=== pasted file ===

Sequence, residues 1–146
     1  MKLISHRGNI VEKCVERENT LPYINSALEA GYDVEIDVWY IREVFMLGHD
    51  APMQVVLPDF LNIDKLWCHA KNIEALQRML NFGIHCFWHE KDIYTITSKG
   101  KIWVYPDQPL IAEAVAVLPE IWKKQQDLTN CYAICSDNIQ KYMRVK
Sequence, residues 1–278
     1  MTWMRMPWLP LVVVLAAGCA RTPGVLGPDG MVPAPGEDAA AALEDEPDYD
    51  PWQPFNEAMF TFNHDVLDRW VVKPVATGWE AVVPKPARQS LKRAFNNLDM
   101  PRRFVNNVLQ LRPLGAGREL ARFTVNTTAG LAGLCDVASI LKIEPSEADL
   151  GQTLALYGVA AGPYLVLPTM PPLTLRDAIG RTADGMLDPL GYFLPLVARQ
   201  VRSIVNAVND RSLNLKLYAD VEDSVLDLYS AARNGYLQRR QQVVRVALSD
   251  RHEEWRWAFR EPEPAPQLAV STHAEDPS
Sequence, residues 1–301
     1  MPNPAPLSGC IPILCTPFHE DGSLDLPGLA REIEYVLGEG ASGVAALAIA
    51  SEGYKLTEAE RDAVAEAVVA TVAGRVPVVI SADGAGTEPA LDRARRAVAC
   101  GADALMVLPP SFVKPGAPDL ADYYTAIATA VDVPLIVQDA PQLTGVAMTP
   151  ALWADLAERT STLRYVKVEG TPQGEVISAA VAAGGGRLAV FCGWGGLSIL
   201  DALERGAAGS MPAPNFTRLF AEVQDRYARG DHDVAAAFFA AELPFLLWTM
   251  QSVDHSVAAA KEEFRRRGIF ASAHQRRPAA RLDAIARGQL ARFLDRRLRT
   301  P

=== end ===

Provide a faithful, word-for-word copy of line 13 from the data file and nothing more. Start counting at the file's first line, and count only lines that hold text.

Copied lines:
     1  MPNPAPLSGC IPILCTPFHE DGSLDLPGLA REIEYVLGEG ASGVAALAIA